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Chinese New Year Greetings and Other Useful CNY Words

Spring Festival is almost upon us, so it’s the perfect time to learn how to say some Chinese New Year greetings!

How do I say Happy New Year in Chinese?

There are lots of different Chinese New Year greetings, but the most important one to know is

新年快乐 (xīn nián kuài lè) which means Happy New Year!

You can also say 岁岁平安 (suì suì píng ān), which is a greeting that means “May you have peace year after year”.

Other Chinese New Year Greetings & Vocabulary

Below are some of the most important and interesting words to learn for this particular Chinese holiday.

1. 春节 (chūn jié): Spring Festival

Chinese New Year has many different names, including 过年 (guò nián) and 春节 (chūn jié). In fact, it is only in the west that we refer to the festival as ‘Chinese New Year’, whilst in China, it is most commonly referred to as ‘Spring Festival’ or 春节. The seal character for 春 signifies the growth of vegetation stimulated by the sun. The sun can still be seen in the modern-day character.

2. 剪纸 (jiǎn zhǐ): Paper Cutting

Chinese New Year Greetings 剪纸 Paper Cutting

剪纸, literally meaning ‘cut paper’ is a common pastime at Chinese New Year. These red cutouts are often used to decorate windows and doors and are also known as 窗花 (chuāng huā) or ‘window flower’

3.  灯笼 (dēng lóng): Lanterns

Chinese New Year Greetings 灯笼 Lanterns

Paper lanterns, or ‘lantings’ as was my chosen name for them as a child, are used as decoration in many Asian festivals, especially during the Lantern Festival 元宵节, which is celebrated on the 15th day of the first month of the lunar year. The lanterns can sometimes be made of silk and decorated with dragons or other icons associated with the festival.

4. 恭喜发财 (gōng xǐ fā cái): “Have a Prosperous New Year”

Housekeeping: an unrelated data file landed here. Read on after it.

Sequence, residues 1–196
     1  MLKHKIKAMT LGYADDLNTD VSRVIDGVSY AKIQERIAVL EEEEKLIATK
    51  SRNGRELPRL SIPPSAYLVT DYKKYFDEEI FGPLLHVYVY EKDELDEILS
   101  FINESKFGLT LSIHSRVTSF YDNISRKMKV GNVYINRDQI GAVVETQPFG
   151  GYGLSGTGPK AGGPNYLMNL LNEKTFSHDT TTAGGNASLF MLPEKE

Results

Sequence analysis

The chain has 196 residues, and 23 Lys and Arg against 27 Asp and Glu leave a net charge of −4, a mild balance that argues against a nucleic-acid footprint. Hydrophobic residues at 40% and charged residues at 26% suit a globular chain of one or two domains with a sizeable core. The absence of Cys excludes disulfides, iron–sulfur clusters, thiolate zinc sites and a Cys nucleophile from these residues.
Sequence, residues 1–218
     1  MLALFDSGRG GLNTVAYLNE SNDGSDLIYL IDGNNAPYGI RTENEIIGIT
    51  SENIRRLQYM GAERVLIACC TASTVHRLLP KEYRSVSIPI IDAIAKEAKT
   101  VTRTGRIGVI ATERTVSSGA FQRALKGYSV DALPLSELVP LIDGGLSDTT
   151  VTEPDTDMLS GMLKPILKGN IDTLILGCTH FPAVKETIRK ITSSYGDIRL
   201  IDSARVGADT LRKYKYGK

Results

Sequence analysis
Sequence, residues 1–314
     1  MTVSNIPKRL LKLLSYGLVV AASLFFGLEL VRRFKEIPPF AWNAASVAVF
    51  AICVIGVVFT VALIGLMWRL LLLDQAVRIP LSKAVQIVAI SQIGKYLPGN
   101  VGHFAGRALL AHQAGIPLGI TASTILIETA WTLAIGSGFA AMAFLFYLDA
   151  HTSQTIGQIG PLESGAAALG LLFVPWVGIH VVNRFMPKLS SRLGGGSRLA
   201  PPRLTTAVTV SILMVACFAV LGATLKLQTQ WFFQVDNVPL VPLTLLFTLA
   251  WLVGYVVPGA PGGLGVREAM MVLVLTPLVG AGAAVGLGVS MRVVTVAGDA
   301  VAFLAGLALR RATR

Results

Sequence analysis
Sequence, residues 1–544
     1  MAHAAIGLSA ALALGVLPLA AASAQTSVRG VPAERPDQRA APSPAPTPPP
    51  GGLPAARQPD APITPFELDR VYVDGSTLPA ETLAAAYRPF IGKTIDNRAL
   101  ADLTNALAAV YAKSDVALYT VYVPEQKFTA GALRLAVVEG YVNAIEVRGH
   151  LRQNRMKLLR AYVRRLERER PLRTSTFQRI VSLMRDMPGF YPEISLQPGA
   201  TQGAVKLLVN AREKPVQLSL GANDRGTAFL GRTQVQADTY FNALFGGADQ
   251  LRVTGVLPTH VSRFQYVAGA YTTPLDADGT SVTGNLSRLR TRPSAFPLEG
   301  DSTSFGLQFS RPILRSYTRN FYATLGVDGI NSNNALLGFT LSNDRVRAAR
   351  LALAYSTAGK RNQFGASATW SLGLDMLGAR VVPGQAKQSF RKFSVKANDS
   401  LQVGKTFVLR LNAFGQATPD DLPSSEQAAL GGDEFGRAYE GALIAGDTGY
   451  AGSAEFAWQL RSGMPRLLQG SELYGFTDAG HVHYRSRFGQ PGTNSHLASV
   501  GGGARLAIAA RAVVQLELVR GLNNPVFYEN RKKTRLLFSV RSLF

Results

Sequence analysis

恭喜发财 is a popular greeting during Chinese New Year to offer up prosperity and luck for the coming year. It can be translated to something like ‘May you have a prosperous New Year!’. 恭喜 (gōng xǐ) is often used to express ‘greetings’ or ‘congratulations’ in Chinese.

5. 腊八粥 (là bā zhōu): Laba Congee


This sounds a bit odd, but this congee () is a porridge eaten on the 8th day of the 12 month of the lunar calendar or La Ba Festival. It is mostly made up of rice, beans, dried fruit, tofu, potato, meat and vegetables. There are several legends attached the history of the La ba congee, one includes the commemoration of 岳飞 (yuè fēi) Yue Fei, a hero of Chinese culture.

6. 压岁钱 (yā suì qián): New Year Money

Chinese New Year Greetings 压岁钱 Money

压岁钱 (yā suì qián) is money that is given specifically to children at new year. Originally, 压岁钱 was used to suppress and expel evil (压祟驱邪 (yā suì qū xié),  (suì)  has the same pinyin as  (suì)), because people believed that children were easily hurt by evil things. It was thought that 压岁钱 would help the child pass the year in good health and safety. In Chinese history, some 压岁钱 was given to elders by people their junior, but in this instance the character  means age, and it is to hope the elder will live for a long time.

7. 万事如意 wàn shì rú yì: Hope Your Wishes Come True

万事如意 meaning to ‘have all one’s wishes’, is a popular Chinese proverb, or Chengyu around this time of year.  usually means ten thousand, but in this case, it just means ‘a great number’,  is the character for thing or item whilst 如意 means ‘according to one’s wishes’.

8. 元宵节 (yuán xiāo jié): Lantern Festival

Lantern festival is the final day of the Chinese spring festival. The fifteenth day of the lunar calendar is a full moon and the time to send off coloured lanterns into the sky. In the past, this would have been the day when young single people were meant to find love.

9. 汤圆 (tāng yuán): Rice Balls

Chinese New Year Greetings 汤圆 Rice Balls

Rice balls are eaten on Lantern Festival and are made from glutinous rice. Inside the balls is usually red bean paste. The balls symbolise the togetherness of the family during this time and bring about luck and fortune in the future.

10. 走马灯 (zǒu mǎ dēng): Carousel Lantern

Literally translated as ‘moving horse lamp’, this is a carousel lantern that depicts images of horses. When it was first created, people would draw different military officers riding the horse on the different surfaces of the lantern. When it rotated, it would look as though the military officers were chasing each other on horses.

If you have any comments, questions, or additional Chinese New Year greetings you’d like to share with us, feel free to post them below!